Everything and Its Opposite: Kava Drinking in Fiji

  title={Everything and Its Opposite: Kava Drinking in Fiji},
  author={Matthew Tomlinson},
  journal={Anthropological Quarterly},
  pages={1065 - 1081}
Kava is a supersaturating sign in indigenous Fijian public life. Called yaqona in Fijian, kava is both a shrub (Piper methysticum) and the drink made from it. The plant is not especially impressive to look at: it has none of the slender grace of a tall coconut palm, none of the rude heft of yams or taro. It is a medium-sized shrub with knobby stems and stringy, dusty brown roots. What makes it impressive is the semiotic range of its social embeddings. Put simply, kava means radically different… Expand
Janus and the Siren's Call : kava and the articulation of gender and modernity in Vanuatu.
In the South Pacific Islands of Vanuatu, it is often said that ‘Women can't drink kava because kava is a woman, and a woman can't take back a woman’. Such proscriptive reasoning relates to deeplyExpand
A matéria da imaginação: o que podemos aprender com as ideias das crianças fijianas sobre suas vidas como adultos
By means of an analysis of Fijian children's essays about the future, this paper explores ideas of sociality, personhood and the self that are the very stuff of intersubjectivity and thus of theExpand
Contradictory moralities: alcohol consumption in Inner Mongolia
Alcohol consumption is a central aspect of social life among Mongols in Mongolia and Buryatia as well as in Inner Mongolia. Despite its prominence, however, it has not yet been addressed as aExpand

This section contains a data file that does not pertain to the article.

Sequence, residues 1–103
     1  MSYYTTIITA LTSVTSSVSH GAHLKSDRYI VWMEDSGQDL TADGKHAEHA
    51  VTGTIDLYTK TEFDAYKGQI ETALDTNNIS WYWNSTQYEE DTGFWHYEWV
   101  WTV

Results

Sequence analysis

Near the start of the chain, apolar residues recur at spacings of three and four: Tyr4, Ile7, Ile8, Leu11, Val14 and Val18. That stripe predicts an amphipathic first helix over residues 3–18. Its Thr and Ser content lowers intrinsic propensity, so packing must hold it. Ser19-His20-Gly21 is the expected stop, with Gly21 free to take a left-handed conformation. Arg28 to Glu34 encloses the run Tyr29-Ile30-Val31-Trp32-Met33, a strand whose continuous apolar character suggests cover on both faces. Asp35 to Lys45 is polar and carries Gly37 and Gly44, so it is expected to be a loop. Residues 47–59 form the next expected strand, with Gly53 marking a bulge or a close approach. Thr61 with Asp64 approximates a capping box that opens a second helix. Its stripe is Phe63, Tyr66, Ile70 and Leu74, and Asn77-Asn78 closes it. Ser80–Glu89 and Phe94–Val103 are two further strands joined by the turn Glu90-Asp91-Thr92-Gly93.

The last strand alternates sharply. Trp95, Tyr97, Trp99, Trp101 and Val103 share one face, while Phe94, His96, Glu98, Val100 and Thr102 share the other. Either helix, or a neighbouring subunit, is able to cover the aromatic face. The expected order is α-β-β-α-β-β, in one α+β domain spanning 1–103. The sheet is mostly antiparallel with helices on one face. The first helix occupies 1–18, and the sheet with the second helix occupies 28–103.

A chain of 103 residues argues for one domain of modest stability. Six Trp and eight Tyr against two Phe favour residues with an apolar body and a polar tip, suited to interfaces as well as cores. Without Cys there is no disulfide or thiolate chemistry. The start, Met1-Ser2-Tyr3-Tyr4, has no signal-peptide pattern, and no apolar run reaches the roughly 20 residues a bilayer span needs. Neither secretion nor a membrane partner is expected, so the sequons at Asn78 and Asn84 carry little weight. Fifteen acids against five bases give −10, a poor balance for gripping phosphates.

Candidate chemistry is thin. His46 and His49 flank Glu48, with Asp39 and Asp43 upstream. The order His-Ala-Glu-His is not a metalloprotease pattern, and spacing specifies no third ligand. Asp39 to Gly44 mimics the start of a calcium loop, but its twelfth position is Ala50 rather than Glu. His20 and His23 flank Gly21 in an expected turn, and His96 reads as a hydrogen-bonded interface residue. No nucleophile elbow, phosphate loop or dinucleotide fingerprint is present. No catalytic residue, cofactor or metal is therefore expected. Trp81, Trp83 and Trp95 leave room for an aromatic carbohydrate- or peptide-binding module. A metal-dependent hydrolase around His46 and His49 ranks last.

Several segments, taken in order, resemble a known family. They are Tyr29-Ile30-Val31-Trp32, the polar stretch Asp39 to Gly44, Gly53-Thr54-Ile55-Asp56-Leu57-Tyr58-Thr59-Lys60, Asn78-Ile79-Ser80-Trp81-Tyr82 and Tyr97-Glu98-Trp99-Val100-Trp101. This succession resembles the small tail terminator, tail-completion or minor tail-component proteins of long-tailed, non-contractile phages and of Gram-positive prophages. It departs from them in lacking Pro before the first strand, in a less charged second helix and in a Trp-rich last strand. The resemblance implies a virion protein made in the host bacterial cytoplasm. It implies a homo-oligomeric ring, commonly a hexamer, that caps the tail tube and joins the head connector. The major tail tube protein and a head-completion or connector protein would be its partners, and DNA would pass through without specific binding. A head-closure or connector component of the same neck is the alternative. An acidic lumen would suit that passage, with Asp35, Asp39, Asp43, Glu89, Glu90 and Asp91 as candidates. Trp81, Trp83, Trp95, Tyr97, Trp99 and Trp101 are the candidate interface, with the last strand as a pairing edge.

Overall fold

The evolution of stratification in Fijian ritual participation
Social scientists have long sought to explain the complex relationships between religion and social inequality. Building from a recent theoretical model, I predict that social hierarchies influenceExpand
Kava Hangover and Gold-standard Science
Kava, a beverage drunk in much of the South Pacific, is both celebrated and controversial. It is often considered an emblem of traditional indigenous practice but also criticized for its physicalExpand
The milieu of reporting of Nacamaki and Nabuna villages of Koro Island
Purpose – This paper seeks to examine the milieu of reporting in two villages operating on Koro Island, Republic of Fiji Islands. It aims to analyse how both western‐narrow and traditional reportingExpand
Exploring Sport and Intergroup Relations in Fiji: Guidance for Researchers Undertaking Short-Term Ethnography
There is a key tension associated with ethnographic explorations into the lives of people in the Global South – ‘outsider’ researchers from the Global North who lack experience of the environmentsExpand
How Does Male Ritual Behavior Vary Across the Lifespan?
It is demonstrated that when controlling for household composition, men with young offspring participated less frequently and exhibited greater variance in their time spent at ceremonies than men without young children, and found that the number of dependents a man has in his household is positively correlated with total food production, and the amount of kava he cultivates. Expand